France's presidential race has entered its last week with conservative Nicolas Sarkozy leading Socialist Segolene Royal in the polls, and both candidates turning their sights to a crucial face-to-face TV debate on Wednesday.
Sarkozy staged an emotionally-charged last big Paris rally Sunday, casting himself as a unifier.
"I want to be the candidate of the people of France and not the media, the apparatus, partisan interests or sectarianism," Sarkozy told a cheering, flag-waving crowd of about 30,000 that including many French music and film stars, and several top-ranking ministers.
He sent out a ringing appeal to France's "silent majority," pledging, if elected, to look out for the interests of ordinary citizens and the downtrodden.
"Of all the unfortunate people, broken by life, used up by life, I want to be the spokesman," a sweat-drenched Sarkozy told the crowd. "I want to be the one who gives them back a voice and who gives them power."
Royal, aspiring to become France's first woman president, promised "confrontation" in the two-hour televised debate on Wednesday and acknowledged that she will have to come from behind to win next Sunday's runoff.
"It's difficult, because I think there have been 200 polls saying that Nicolas Sarkozy is going to win," Royal told Canal Plus television on Sunday. "But voters are free."
The French are eager for new direction after 12 years under President Jacques Chirac, whose term is coming to an end amid economic malaise and a widespread sense that France is adrift in its identity in the world.
Royal, 53, or Sarkozy, 52, will be the first French leader born after World War II. And they have inspired voters: turnout was 84 percent in the April 22 primary, the highest level for a first-round vote in decades.
Both Royal and Sarkozy have promised to get France back on its feet _ but offer starkly different ways of doing that. Sarkozy would loosen labor laws and cut taxes to invigorate the sluggish economy, while Royal would hike government spending and preserve France's generous worker protections.
Sarkozy is vocally pro-American, saying France and the United States have an ideological kinship that transcends differences over the Iraq war. Royal recently said France will not "get down on bended knees before George Bush!" _ tapping into widespread French distaste for the U.S. administration.
Royal has sought to capitalize on a "Anything But Sarkozy" movement grounded in fear that he is too impulsive and emotional for the job as head of state.
While interior minister, Sarkozy infuriated many black and Arab immigrants and their children by calling troublemakers from poor neighborhoods "racaille" _ or scum _ and vowing to clean up those areas "with a power sprayer." Such zones were swept up by riots in late 2005.
At Sunday's rally, Sarkozy stood behind his controversial comments, reminding supporters he made the remark about the power sprayer in response to the death an 11-year-old, killed in crossfire between rival gangs.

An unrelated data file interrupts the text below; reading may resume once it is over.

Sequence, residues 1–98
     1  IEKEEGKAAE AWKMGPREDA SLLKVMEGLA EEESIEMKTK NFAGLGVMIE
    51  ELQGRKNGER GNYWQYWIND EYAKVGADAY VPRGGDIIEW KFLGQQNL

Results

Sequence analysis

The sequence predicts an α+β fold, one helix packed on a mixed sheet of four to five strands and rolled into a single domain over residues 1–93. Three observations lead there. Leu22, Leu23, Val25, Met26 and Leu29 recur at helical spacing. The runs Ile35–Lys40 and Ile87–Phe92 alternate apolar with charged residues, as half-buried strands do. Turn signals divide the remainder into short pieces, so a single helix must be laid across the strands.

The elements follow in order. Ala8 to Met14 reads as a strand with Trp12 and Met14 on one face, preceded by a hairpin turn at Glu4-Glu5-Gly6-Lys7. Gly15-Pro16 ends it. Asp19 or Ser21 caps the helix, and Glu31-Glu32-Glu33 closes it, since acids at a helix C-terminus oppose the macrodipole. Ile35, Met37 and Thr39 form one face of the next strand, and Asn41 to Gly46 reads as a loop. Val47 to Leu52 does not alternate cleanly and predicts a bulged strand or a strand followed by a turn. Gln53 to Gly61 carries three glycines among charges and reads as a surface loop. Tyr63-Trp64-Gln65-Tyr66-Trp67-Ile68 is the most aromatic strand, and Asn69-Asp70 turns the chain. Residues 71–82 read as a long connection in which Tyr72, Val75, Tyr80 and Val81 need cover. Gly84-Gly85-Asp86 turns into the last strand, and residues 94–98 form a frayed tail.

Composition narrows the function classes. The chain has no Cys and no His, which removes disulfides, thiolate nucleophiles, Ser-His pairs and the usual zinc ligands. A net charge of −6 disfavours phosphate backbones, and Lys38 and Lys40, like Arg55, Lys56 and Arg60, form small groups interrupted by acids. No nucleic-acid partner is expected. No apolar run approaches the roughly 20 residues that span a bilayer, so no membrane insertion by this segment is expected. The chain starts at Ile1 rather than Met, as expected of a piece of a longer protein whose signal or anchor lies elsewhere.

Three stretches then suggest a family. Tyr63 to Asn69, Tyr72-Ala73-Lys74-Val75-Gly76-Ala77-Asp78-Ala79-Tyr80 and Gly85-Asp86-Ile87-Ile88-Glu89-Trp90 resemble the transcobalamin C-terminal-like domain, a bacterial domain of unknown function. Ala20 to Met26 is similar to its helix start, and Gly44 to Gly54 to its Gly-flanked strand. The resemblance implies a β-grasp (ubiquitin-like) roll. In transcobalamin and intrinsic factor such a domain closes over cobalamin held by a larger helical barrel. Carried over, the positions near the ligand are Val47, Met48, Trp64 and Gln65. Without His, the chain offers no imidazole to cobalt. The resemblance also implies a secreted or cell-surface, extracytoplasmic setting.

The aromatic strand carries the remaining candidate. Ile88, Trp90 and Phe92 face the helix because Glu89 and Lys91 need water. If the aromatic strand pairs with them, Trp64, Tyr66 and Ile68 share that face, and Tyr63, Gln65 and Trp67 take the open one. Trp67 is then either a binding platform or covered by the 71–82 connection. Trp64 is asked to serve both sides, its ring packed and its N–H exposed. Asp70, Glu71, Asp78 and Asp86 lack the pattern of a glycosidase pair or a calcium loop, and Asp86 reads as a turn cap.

"I regret nothing," he said, stressing the loss to the boy's parents.
The rally, at an indoor Paris stadium, ended with a rendition of "La Marseillaise," France's national anthem _ with Sarkozy singing along. Royal, bucking the leftist tradition, began singing the anthem at her rallies. She is to hold her final Paris rally on Tuesday.
Opponents of Royal, a former families and schools minister who heads a regional government in western France, have sought to project her as wishy-washy, inexperienced, with more style than substance.
"We don't need a president who changes her ideas as often as she does her skirts," Defense Minister Michele Alliot-Marie told the cheering crowd at Sunday's rally. "The world is complicated, the world is dangerous."
As the campaign grows more heated, with both sides accusing the other of unfair personal attacks, Royal said the debate will offer "a much clearer confrontation." She revealed what her strategy for the TV debate may be: calling on Sarkozy to account for his past five years in the Cabinet.
Sarkozy, speaking separately on the same program on Sunday, rejected persistent recent speculation that debating the first woman with a clear shot at the French presidency could be perilous for him.
"This idea amounts to saying that you don't debate with a woman the same way you would a man _ I think it's rather macho," said Sarkozy. "When you debate a woman, do you have to speak more softly? Do you make arguments that are weaker?"
"For me, women are equally as intelligent, equally hardworking," he said, adding that Royal, "a political figure," "shouldn't be reduced to her femininity."
A poll released Sunday by the Ipsos agency put support for Sarkozy at 52.5 percent and Royal at 47.5 percent. The poll of 1,367 registered voters was conducted Thursday, Friday and Saturday. No margin of error was given.
Eds: Associated Press Writer Elaine Ganley contributed to this report.